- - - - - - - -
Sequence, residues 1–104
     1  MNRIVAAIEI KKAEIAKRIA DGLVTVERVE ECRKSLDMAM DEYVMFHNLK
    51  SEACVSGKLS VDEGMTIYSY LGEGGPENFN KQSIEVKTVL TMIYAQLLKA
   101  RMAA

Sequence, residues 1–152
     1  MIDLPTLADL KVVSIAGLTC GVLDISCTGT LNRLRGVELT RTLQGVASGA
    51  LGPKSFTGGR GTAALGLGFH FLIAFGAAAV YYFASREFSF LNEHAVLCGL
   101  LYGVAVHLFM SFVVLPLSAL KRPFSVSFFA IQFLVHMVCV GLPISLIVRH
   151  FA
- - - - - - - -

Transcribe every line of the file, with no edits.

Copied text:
Sequence, residues 1–104
     1  MNRIVAAIEI KKAEIAKRIA DGLVTVERVE ECRKSLDMAM DEYVMFHNLK
    51  SEACVSGKLS VDEGMTIYSY LGEGGPENFN KQSIEVKTVL TMIYAQLLKA
   101  RMAA

Sequence, residues 1–152
     1  MIDLPTLADL KVVSIAGLTC GVLDISCTGT LNRLRGVELT RTLQGVASGA
    51  LGPKSFTGGR GTAALGLGFH FLIAFGAAAV YYFASREFSF LNEHAVLCGL
   101  LYGVAVHLFM SFVVLPLSAL KRPFSVSFFA IQFLVHMVCV GLPISLIVRH
   151  FA